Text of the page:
TIPS could enable patients to access HCC treatments that would otherwise be contraindicated because of PHT levels/ascites: pre-operative TIPS before liver resection, and before ablation in small HCC, especially when a laparoscopic approach is discussed, is an attractive option. TIPS could be indicated before external radiation therapy, selective internal radiation therapy, or TACE, mainly in the context of downstaging before LT. Here, the consequences of TIPS may be different depending on the type of locoregional therapy. There is concern regarding the potentially increased risk of liver failure after TACE, and a decrease in the efficacy of HCC treatments.
      • Kuo Y.C.
      • Kohi M.P.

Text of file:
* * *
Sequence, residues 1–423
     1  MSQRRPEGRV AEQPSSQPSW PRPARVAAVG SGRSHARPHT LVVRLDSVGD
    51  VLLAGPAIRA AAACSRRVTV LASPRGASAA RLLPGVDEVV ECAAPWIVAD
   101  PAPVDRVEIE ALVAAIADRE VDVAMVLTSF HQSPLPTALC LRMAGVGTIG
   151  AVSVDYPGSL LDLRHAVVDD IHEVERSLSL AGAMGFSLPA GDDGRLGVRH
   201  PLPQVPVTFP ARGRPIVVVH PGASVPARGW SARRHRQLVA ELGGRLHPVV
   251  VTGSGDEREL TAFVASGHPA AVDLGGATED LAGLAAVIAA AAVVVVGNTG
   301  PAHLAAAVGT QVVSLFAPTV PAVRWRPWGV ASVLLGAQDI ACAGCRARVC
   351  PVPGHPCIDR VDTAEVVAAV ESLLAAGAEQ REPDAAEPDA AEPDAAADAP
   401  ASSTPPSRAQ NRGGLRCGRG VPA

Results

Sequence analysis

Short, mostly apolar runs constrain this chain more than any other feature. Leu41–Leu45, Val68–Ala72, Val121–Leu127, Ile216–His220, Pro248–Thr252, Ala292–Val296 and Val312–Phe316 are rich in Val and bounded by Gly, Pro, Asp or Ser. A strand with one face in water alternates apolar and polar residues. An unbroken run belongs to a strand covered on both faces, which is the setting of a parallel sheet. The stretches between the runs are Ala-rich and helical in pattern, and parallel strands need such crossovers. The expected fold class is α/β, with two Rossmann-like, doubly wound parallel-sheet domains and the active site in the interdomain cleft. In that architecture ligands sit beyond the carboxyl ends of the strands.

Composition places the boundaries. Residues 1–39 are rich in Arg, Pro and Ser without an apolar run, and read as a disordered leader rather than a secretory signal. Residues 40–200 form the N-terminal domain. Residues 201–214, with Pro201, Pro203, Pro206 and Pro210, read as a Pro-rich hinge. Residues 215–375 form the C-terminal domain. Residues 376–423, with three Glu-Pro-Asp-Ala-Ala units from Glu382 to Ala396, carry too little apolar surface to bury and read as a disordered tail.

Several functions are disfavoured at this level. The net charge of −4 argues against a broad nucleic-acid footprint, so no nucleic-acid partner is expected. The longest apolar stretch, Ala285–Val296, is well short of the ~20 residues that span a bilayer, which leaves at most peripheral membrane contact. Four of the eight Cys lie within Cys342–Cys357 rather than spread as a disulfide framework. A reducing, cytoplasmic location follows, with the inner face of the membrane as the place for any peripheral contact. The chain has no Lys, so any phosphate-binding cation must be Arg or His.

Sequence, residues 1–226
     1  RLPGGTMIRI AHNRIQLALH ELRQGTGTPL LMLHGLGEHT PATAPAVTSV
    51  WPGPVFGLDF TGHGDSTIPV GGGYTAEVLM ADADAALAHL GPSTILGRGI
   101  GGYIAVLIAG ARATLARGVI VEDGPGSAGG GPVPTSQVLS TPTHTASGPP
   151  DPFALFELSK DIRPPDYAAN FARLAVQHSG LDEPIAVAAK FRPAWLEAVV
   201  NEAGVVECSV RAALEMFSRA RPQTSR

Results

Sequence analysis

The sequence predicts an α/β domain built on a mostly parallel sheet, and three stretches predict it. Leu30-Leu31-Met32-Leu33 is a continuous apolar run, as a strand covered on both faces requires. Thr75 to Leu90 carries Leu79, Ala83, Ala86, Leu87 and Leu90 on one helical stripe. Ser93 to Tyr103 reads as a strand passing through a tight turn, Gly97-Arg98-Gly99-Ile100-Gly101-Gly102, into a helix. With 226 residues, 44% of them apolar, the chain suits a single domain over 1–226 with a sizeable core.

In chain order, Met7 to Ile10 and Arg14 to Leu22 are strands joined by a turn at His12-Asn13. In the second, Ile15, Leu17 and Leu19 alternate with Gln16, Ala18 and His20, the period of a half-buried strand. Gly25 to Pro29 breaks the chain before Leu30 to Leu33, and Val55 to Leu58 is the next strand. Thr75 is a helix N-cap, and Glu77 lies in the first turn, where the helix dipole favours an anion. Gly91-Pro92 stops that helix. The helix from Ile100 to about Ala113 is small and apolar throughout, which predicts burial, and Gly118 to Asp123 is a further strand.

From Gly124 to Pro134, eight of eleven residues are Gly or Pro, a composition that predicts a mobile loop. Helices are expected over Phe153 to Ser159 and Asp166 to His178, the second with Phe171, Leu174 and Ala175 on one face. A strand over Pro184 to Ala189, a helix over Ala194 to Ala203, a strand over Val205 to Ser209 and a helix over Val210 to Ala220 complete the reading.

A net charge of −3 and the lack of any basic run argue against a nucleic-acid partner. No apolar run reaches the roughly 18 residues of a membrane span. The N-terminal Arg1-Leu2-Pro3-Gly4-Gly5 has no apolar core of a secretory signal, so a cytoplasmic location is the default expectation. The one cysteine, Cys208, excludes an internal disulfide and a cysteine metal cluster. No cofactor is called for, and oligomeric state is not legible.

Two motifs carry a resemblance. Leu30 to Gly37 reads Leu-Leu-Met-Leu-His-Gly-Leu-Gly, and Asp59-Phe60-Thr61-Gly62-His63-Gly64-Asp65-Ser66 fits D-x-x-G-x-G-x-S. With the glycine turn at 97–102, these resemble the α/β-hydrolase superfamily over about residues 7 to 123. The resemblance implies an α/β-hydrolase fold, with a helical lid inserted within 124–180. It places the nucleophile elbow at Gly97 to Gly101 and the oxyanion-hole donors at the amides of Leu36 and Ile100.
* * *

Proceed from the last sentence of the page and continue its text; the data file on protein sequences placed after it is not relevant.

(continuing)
• Naeger D.M.
      • Tong R.T.
      • Kolli K.P.
      • Taylor A.G.
      • et al.
      Efficacy of TACE in TIPS patients: comparison of treatment response to chemoembolization for hepatocellular carcinoma in patients with and without a transjugular intrahepatic portosystemic shunt.
      Meanwhile, radioembolization appeared to be safe after TIPS in a recent series of 39 patients,
      • Gordon A.C.
      • Gupta A.N.
      • Gabr A.
      • Thornburg B.G.
      • Kulik L.M.
      • Ganger D.R.
      • et al.
      Safety and efficacy of segmental yttrium-90 radioembolization for hepatocellular carcinoma after transjugular intrahepatic portosystemic shunt creation.
      suggesting that tolerance may be better in those patients, and that radioembolization should be preferred to TACE, when possible. In our recent study, TIPS enabled all patients to access potentially curative treatment, and was not associated with worsening of liver function or tumour spreading.